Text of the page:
—Zachary Lorico Hertz, A19 | Twitter: @ZacharyLHertz
The Lincoln Project and the “Republican Voters Against Trump” political initiative by Defending Democracy Together have worked to undermine Trump’s re-election campaign by arguing for traditional Republicans to support Joe Biden. These efforts, as well as an economic recession, the COVID-19 pandemic, and social movements for racial equality, have stifled Trump’s support, particularly among independents and those who lean slightly to either the Democratic or Republican party. With the exception of those who identify as strong Republicans, Biden is supported to a greater extent than Clinton was in 2016 within the two-party system across all party identifications.
—Brendan Hartnett, A23 | Majors: Political Science & Sociology | Twitter: @BrendanHartnett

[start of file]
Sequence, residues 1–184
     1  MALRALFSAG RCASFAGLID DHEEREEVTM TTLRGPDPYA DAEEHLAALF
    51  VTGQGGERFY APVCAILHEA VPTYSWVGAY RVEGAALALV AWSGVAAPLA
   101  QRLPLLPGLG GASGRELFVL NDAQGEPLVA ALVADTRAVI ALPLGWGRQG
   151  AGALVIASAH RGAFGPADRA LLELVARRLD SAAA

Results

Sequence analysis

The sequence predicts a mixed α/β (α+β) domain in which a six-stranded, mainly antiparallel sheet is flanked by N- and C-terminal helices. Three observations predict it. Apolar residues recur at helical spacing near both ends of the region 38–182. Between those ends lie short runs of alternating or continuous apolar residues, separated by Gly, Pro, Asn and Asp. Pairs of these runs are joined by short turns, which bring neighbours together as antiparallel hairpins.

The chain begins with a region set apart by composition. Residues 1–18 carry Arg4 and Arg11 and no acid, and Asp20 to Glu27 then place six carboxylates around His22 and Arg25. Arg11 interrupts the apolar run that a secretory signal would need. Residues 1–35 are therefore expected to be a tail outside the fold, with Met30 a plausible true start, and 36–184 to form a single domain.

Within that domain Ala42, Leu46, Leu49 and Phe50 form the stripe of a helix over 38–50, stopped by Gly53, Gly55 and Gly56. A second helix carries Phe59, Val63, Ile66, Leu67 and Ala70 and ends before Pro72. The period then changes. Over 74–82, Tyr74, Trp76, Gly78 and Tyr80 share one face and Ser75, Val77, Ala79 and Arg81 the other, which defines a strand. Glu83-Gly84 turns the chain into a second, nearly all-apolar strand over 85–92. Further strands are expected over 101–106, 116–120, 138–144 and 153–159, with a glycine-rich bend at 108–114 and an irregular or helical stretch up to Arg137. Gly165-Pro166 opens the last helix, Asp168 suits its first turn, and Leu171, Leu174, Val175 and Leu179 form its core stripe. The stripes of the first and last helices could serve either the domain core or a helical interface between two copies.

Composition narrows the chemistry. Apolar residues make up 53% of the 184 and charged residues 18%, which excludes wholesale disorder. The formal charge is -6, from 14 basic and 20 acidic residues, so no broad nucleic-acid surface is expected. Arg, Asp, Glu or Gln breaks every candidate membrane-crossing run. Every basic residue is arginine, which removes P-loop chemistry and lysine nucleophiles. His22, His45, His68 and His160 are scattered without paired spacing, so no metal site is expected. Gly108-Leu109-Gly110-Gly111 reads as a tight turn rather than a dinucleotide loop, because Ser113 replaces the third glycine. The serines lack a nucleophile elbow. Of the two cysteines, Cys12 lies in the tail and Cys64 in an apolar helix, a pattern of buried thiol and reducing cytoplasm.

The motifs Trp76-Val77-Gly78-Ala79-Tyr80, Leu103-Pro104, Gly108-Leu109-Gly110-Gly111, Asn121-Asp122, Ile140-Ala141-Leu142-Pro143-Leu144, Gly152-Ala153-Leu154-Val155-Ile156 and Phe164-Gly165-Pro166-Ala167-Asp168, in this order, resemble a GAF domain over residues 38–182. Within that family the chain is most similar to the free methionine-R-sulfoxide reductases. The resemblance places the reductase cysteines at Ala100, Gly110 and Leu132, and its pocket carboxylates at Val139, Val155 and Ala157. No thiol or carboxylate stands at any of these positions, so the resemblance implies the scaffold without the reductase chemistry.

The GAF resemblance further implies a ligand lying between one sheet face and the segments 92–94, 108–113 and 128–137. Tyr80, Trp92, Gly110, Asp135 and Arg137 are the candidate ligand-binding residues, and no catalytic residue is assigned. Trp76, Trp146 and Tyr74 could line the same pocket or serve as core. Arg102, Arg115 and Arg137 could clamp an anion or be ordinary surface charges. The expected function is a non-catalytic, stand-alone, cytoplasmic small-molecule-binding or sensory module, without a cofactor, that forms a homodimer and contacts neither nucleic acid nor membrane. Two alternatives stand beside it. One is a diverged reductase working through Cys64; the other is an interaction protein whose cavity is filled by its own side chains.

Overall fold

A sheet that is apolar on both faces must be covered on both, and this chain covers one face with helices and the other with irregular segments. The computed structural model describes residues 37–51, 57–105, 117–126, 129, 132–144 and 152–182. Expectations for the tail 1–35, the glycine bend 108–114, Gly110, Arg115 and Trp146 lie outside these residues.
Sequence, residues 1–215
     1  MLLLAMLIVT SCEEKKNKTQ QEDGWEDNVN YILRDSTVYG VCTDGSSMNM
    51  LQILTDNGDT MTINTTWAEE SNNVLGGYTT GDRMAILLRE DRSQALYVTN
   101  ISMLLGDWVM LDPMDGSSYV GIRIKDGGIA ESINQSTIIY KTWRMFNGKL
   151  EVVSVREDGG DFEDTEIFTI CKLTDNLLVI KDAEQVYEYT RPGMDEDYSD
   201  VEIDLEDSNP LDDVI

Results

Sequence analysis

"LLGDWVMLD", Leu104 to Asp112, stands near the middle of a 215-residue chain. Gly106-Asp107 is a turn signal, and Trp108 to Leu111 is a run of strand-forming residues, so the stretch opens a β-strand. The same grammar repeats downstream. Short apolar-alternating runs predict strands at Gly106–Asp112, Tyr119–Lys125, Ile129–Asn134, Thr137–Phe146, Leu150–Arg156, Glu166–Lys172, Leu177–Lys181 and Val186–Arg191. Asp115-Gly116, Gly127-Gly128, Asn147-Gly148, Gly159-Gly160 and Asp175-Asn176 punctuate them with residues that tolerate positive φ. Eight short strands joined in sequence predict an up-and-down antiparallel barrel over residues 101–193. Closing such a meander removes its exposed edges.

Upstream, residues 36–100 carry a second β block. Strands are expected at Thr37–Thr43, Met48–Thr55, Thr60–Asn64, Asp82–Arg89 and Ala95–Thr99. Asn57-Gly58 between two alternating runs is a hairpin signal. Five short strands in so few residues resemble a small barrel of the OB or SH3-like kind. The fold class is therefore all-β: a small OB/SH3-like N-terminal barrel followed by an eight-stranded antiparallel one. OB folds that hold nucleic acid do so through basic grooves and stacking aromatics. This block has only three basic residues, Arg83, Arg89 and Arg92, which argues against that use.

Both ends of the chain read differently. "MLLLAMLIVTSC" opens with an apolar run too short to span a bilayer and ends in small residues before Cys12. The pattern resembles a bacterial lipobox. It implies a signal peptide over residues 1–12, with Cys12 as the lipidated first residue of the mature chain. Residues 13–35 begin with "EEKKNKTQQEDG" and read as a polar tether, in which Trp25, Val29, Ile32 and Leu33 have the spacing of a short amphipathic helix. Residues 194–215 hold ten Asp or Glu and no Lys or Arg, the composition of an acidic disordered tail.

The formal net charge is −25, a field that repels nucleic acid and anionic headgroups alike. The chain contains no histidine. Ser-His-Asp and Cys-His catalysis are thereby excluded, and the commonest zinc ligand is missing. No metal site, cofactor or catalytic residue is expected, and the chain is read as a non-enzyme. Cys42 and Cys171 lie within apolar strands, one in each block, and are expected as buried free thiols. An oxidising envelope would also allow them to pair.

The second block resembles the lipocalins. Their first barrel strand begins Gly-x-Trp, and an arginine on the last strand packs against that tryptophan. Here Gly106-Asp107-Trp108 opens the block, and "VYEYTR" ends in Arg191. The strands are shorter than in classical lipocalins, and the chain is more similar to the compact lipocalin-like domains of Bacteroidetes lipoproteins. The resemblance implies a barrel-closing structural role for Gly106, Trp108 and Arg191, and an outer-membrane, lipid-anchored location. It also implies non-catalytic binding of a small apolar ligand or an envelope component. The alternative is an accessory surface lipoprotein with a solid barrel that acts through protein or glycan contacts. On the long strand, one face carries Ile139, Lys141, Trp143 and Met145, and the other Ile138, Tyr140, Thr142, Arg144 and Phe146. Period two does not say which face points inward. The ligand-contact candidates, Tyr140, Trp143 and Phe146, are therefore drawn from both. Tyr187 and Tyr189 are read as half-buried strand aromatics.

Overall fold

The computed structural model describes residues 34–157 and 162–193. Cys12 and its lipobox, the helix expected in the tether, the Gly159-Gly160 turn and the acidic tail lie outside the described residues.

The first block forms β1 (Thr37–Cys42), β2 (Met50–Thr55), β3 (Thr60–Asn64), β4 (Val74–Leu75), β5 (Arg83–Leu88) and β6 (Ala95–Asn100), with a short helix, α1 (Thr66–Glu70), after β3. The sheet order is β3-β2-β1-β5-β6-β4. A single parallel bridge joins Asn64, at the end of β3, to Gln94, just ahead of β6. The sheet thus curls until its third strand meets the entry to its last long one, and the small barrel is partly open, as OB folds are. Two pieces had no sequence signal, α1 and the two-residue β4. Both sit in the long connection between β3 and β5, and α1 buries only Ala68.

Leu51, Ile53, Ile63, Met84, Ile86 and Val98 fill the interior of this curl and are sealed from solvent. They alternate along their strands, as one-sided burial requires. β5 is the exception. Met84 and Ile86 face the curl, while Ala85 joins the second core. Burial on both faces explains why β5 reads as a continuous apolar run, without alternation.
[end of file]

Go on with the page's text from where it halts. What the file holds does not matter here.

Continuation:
This graph looks at voters who did not vote for President in the 2016 Presidential Election and who they plan to vote for in the 2020 Presidential Election. The graph uses data from the Tufts University election poll and has been weighted for likely voters, meaning that the graph is representative of people who did not vote for President in 2016 but are likely to vote in the 2020 election. The graph shows that 56% of voters who did not vote for President in 2016 but are likely to vote in the 2020 election are going to vote for Joe Biden, while 39% of these voters will vote for Donald Trump. The 56% and 39% include people who have already voted for these candidates, will vote for these candidates, or are leaning towards voting for these candidates. 5% of voters who did not vote for President in 2016 but are likely to vote in the 2020 election are voting for another candidate, undecided in their vote choice, or will not vote for a President. This data shows that Joe Biden has gathered more support from those who did not vote for President in 2016, giving him an advantage in this year's election.